We’re reminded today that it’s not always easy to serve God, but it is always worth the effort. St. Paul speaks of how through one man—Adam—sin entered the world; because of the powerful presence of sin, those who try to live in accord with God’s will are going to stand out and perhaps even attract persecution. This was certainly the case with the prophet Jeremiah; by calling upon sinners to repent, and warning them of impending disaster if they refused, he made many dangerous enemies—but the Lord was with him, like a mighty champion. Jesus develops this idea in the Gospel. Since God is all-powerful and all-knowing, nothing can be kept secret from Him, and no one is beyond His authority and power. The harm other people may do to us is temporary; God’s judgment—and His blessings upon His faithful servants—is everlasting. Therefore, Jesus urges us to follow Him, to proclaim His truth, and to acknowledge Him by our way of life—for our very salvation depends upon it.
About forty-five years before St. Edmund Campion was executed for his faith, another great English Catholic was facing martyrdom: St. Thomas More. He had been the friend and royal chancellor, or prime minister, of King Henry VIII (the father of Queen Elizabeth), but when Henry required his officials to swear allegiance to him as head of the Church in England—something no Catholic could do in good conscience—Sir Thomas More refused, and was arrested. While in the Tower of London, awaiting the trial that would lead to his eventual martyrdom, Thomas More wrote to his daughter: “I will not mistrust [Jesus], Meg, though I shall feel myself weakening and on the verge of being overcome with fear. I shall remember how Saint Peter at a blast of wind began to sink because of his lack of faith, and I shall do as he did: call upon Christ and pray to Him for help. And then I shall trust He shall place His holy hand on me and in the stormy seas hold me up from drowning.”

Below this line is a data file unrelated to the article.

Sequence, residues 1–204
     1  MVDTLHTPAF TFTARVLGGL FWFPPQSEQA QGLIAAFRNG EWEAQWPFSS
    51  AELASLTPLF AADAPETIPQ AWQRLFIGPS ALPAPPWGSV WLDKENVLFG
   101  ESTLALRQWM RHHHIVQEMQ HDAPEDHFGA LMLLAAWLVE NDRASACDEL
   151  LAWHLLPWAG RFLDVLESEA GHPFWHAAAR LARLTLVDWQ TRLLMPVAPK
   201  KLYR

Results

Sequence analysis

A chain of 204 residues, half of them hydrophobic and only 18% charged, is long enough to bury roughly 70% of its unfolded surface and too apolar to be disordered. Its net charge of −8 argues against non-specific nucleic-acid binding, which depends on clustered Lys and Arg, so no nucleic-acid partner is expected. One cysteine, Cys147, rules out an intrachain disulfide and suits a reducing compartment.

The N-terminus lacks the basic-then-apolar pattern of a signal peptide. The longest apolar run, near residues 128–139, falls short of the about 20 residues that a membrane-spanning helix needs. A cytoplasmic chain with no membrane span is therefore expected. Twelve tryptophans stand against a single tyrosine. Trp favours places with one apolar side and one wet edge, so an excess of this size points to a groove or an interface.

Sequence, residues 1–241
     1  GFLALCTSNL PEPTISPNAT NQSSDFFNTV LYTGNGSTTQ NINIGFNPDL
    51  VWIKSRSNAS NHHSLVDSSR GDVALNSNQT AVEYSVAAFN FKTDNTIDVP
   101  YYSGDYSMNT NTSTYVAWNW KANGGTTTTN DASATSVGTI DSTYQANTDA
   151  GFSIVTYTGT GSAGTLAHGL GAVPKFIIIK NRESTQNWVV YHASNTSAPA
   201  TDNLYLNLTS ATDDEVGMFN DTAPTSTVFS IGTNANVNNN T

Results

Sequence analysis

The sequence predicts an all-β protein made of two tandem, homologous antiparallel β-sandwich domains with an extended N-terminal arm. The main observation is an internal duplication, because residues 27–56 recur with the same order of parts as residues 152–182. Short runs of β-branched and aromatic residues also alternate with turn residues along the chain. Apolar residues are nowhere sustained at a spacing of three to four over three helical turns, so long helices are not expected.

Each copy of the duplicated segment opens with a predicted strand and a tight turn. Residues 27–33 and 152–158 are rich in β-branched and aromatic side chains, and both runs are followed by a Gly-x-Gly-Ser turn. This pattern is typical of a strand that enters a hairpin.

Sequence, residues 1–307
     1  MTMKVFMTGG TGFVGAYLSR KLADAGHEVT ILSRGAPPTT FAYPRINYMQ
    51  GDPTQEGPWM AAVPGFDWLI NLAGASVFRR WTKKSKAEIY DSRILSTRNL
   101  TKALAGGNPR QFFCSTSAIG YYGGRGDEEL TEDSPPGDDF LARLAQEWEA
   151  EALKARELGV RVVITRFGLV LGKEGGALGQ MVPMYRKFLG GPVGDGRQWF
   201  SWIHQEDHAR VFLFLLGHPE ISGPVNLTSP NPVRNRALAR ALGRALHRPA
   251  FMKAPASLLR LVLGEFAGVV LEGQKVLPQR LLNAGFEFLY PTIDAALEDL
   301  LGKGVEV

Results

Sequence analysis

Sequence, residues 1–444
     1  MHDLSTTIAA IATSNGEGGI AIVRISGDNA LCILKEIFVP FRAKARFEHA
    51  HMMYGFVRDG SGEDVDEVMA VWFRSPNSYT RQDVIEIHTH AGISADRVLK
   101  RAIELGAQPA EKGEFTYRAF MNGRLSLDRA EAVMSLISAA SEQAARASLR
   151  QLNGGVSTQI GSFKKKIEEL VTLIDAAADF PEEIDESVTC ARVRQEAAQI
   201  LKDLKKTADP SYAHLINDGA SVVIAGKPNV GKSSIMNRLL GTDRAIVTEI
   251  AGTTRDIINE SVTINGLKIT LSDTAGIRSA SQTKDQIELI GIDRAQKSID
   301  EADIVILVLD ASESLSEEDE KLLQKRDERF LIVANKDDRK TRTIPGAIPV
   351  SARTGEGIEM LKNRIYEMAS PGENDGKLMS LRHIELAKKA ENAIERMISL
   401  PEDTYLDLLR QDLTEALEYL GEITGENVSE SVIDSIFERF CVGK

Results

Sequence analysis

This is what each of us must do when our fears and worries threaten to overwhelm us: call out to Christ in prayer. If we rely upon our own strength, we will certainly fail; if we rely upon the grace and strength of Jesus, however, we will not be disappointed. Whenever we find ourselves facing any difficulty—no matter how large or small—our first impulse should be to call out to God, whether by praying aloud or silently. Whenever we experience opposition or ridicule because of our faith, we should remind ourselves that all things will eventually be made known in the light of God’s truth, and that His judgments will prevail—not those of this world. Whenever we find ourselves struggling over a moral decision, or afraid to do what we know to be right, we need to recall Our Lord’s words in the Gospel: “Everyone who acknowledges Me before others I will acknowledge before My heavenly Father. But whoever denies Me before others, I will deny before My heavenly Father.” Fear of other people is useless, and often leads to sin, misery, and unnecessary suffering—whereas a healthy fear of God’s judgment can actually lead to peace, joy, and a deeper experience of love. Christ’s words are a terrible warning to those who ignore them, but a life-giving promise to those who heed them. Let us set aside our fears and place our lives in God’s hands—for in this way the Lord’s blessings will truly and eternally be upon us.